pom

Definition from Wiktionary, the free dictionary
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See also: POM, Pom, pòm, ром, and Ром

English[edit]

Alternative forms[edit]

  • (Briton or Englishman): Pom

Pronunciation[edit]

  • IPA(key): /pɒm/
  • (file)
  • Rhymes: -ɒm

Etymology[edit]

A clipping of pomegranate. In reference to the British, first attested in Australia in 1912[1][2] as rhyming slang for immigrant with additional reference to the likelihood of sunburn turning their skin pomegranate red. As a cocktail, originally American.

Noun[edit]

pom (plural poms)

  1. (Australia, New Zealand, South Africa, mildly derogatory slang) An Englishman; a Briton; a person of British descent.
    • 1987, Linda Christmas, The Ribbon and the Ragged Square: An Australian Journey, page 27,
      I could see more than mere humour in car stickers that read ‘Grow your own Dope: Plant a Pom’ ... ‘Keep Australia Beautiful: Shoot a Pom’.
    • 1989, Tony Wheeler, Australia: A Travel Survival Kit, Lonely Planet, page 10,
      The prize for being Australia′s original pom goes to the enterprising pirate William Dampier, who made the first investigations ashore about 40 years after Tasman and nearly 100 years before Cook.
    • 2008, Lawrence Booth, Cricket, Lovely Cricket?, page 214,
      At one stage a group called British People Against Racial Discrimination complained to the Advertising Standards Board in Australia about an advert for Tooheys beer that claimed it was ‘cold enough to scare a Pom’.
  2. (cocktail) A cocktail containing pomegranate juice and vodka.

Usage notes[edit]

Whether pom, pommy, &c. constitute an ethnic or racial slur has been much debated within the Commonwealth; unquestionably, it is considered offensive to at least some Britons.

Synonyms[edit]

Derived terms[edit]

See also[edit]

References[edit]

  1. ^ 1998, Roger Robinson, Nelson Wattie, The Oxford Companion to New Zealand Literature, page 445.
  2. ^ http://www.bbc.co.uk/news/magazine-22378819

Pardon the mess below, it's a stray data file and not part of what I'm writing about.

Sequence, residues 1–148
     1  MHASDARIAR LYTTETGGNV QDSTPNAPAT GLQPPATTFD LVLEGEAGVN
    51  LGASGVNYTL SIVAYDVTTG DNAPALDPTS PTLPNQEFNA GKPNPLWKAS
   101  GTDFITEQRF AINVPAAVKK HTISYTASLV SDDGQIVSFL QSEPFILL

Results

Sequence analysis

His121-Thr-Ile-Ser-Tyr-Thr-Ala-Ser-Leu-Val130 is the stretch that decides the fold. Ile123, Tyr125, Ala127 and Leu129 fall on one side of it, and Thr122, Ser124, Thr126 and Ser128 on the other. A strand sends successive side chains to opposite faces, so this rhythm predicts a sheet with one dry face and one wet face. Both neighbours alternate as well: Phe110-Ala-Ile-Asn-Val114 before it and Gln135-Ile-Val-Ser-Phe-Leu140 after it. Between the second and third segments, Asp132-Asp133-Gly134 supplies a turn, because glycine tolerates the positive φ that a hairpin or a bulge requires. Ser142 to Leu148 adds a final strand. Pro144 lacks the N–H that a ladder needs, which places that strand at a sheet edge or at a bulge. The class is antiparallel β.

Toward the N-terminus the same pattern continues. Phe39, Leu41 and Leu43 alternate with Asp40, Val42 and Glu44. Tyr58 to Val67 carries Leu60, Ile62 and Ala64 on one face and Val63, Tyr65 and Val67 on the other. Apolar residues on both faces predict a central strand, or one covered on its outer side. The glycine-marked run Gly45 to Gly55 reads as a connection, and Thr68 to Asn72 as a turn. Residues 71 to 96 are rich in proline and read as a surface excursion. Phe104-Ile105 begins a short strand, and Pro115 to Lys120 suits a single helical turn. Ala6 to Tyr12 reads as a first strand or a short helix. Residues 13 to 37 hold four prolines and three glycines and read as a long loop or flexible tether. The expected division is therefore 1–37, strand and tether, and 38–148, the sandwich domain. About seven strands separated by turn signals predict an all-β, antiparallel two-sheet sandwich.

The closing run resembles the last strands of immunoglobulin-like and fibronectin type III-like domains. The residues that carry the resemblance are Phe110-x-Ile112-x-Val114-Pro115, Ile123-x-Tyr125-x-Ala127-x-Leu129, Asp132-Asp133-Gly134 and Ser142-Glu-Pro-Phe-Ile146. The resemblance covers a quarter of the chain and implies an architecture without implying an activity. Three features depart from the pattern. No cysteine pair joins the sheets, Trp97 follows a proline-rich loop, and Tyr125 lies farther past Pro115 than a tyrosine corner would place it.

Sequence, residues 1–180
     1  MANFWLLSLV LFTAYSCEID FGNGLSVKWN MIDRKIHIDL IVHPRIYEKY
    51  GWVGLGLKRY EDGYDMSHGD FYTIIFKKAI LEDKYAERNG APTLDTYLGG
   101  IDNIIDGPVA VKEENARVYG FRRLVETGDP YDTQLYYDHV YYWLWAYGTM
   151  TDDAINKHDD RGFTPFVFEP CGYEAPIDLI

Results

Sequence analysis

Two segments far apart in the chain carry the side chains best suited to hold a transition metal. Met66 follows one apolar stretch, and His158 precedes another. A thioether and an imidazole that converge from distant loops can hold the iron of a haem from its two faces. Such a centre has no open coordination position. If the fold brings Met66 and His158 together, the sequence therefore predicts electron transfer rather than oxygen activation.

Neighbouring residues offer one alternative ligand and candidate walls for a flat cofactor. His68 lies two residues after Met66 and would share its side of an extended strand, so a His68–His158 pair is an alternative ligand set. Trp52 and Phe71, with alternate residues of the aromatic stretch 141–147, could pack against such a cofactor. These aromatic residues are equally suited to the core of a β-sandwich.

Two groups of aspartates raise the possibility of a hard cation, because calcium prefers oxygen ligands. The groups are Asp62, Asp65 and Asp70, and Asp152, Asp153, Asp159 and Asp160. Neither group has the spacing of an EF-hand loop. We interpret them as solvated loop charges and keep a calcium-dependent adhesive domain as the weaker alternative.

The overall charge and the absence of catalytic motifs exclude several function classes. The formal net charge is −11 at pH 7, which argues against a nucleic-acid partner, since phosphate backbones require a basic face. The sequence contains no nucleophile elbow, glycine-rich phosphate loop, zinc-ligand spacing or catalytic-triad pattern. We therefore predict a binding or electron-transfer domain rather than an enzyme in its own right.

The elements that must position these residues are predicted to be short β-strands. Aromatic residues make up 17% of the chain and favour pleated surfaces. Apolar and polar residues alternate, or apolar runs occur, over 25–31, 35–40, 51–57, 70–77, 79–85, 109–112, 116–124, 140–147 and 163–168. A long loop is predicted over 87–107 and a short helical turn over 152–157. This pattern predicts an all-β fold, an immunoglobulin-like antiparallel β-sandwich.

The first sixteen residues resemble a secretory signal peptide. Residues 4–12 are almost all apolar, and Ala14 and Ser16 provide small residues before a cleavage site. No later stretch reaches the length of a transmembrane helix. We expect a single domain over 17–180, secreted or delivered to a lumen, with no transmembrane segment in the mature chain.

Anagrams[edit]


Aromanian[edit]

Alternative forms[edit]

Etymology[edit]

From Latin pōmus. Compare Daco-Romanian pom.

Noun[edit]

pom m (plural ponj)

  1. fruit tree
  2. fruit

Related terms[edit]

See also[edit]


Catalan[edit]

Etymology[edit]

From Latin pōmum.

Pronunciation[edit]

Noun[edit]

pom m (plural poms)

  1. bunch, bouquet
    Synonym: ramell
  2. pommel, knob, doorknob
  3. A scent-bottle with a rounded shape.
  4. (botany) pome
  5. (historical) orb (golden ball symbolising royal power)
    Synonyms: globus, món

Derived terms[edit]

Related terms[edit]

Further reading[edit]


Ladino[edit]

Etymology[edit]

(This etymology is missing or incomplete. Please add to it, or discuss it at the Etymology scriptorium.)

Noun[edit]

pom (Latin spelling)

  1. apple
    Synonym: mansana

Mauritian Creole[edit]

Etymology[edit]

From French pomme.

Noun[edit]

pom

  1. apple

References[edit]

  • Baker, Philip & Hookoomsing, Vinesh Y. 1987. Dictionnaire de créole mauricien. Morisyen – English – Français

Megleno-Romanian[edit]

Etymology[edit]

From Latin pōmus. Compare Aromanian, Romanian pom.

Noun[edit]

pom m

  1. fruit tree

See also[edit]


Rade[edit]

Etymology[edit]

Borrowed from French pompe.

Verb[edit]

pom

  1. to pump

Romanian[edit]

Etymology[edit]

From Latin pōmus, from Proto-Italic *poomos, from Proto-Indo-European *h₂po-h₁ém-os (taken off), from *h₂epo (off) + *h₁em- (take). See pōmum.

Noun[edit]

pom m (plural pomi)

  1. fruit tree

Declension[edit]

Related terms[edit]

See also[edit]


White Hmong[edit]

Etymology[edit]

From Proto-Hmong-Mien *bu̯ət (to see). Cognate with Iu Mien buatc.

Pronunciation[edit]

Verb[edit]

pom

  1. to see
  2. to tattle

References[edit]

  • Sue Murphy Mote, Hmong and American: Stories of Transition to a Strange Land →ISBN, 2004)